Wherefore, that you may not wonder at my having paid you this compliment of putting questions to you, whom no one thinks worthy of being spoken to or visited, whom no one thinks deserving of a vote, or of the rights of a citizen, or even of the light of life; know that no motive would have induced me to do so, except that of repressing that ferocity of yours, and crushing your audacity, and checking your loquacity by entangling it in the few questions I should put to you. In truth, you ought, O Vatinius, even if you had become suspected by Publius Sestius undeservedly, still to pardon me, if, on the occasion of such great danger to a man who has done me such great services, I had yielded to the consideration of what his necessities required, and what his inclination deserved of me.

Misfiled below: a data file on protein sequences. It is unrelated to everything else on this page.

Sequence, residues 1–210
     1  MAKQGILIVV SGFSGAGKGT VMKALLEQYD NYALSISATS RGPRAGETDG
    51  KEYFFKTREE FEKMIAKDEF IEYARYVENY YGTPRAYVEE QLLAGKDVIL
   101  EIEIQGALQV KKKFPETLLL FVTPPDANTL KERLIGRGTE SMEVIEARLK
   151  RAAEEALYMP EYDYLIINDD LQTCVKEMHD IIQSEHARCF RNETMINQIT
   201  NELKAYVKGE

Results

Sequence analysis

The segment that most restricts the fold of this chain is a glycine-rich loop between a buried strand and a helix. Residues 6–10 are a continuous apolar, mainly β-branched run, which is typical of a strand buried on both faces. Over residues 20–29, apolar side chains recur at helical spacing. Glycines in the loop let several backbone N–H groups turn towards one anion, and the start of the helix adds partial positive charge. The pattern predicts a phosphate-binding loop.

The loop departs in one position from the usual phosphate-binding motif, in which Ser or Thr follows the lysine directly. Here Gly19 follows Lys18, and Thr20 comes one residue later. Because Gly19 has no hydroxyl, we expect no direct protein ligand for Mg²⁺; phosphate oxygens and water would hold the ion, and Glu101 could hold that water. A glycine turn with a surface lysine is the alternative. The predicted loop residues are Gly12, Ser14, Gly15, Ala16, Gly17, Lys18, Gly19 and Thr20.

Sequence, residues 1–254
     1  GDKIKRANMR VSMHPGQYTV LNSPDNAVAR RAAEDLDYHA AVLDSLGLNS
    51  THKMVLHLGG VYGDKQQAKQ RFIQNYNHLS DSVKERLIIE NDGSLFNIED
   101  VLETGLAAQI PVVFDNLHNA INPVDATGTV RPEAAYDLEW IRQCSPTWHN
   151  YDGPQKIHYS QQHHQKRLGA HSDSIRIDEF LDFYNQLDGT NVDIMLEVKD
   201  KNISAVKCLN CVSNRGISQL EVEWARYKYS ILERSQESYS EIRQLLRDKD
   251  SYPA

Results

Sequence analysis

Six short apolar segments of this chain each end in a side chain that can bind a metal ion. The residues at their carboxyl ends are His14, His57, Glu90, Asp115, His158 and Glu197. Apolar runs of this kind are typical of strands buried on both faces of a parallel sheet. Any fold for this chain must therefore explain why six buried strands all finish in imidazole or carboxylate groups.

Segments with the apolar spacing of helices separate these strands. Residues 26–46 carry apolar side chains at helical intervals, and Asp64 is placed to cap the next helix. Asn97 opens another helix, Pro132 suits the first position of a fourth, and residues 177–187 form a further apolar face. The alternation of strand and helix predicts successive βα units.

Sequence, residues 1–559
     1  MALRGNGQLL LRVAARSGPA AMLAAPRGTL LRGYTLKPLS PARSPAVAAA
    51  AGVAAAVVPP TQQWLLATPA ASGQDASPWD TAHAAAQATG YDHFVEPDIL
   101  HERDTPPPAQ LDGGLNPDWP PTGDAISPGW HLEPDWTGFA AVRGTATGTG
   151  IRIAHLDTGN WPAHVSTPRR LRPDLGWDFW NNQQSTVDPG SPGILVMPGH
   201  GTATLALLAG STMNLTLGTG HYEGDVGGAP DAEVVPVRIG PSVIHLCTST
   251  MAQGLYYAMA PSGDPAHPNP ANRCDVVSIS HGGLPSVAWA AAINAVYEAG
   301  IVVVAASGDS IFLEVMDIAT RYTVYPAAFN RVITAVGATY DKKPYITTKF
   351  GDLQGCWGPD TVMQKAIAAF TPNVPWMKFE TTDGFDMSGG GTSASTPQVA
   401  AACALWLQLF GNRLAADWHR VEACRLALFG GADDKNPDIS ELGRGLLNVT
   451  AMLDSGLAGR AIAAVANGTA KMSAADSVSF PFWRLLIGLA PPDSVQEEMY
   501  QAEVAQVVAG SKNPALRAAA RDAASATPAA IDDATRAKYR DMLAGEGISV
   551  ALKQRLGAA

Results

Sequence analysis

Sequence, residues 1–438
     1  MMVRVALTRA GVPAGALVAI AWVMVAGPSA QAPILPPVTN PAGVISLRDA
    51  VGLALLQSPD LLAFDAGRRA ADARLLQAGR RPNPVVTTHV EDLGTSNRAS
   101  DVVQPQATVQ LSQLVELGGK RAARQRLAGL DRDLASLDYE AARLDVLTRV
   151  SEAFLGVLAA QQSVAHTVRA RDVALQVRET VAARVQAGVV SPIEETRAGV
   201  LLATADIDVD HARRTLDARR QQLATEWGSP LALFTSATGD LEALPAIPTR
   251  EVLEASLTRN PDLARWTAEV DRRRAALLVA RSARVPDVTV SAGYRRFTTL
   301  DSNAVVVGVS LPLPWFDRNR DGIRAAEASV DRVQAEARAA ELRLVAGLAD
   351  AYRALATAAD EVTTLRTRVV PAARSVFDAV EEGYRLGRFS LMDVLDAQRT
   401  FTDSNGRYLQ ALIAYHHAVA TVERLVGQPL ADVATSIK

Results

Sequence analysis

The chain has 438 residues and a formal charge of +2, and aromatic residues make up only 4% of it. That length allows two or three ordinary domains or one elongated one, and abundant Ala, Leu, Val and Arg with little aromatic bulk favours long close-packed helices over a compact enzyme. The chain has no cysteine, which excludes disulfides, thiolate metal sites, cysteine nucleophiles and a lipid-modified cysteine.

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THE SPEECH OF M. T. CICERO AGAINST PUBLIUS VATINIUS; CALLED ALSO, THE EXAMINATION OF PUBLIUS VATINIUS.
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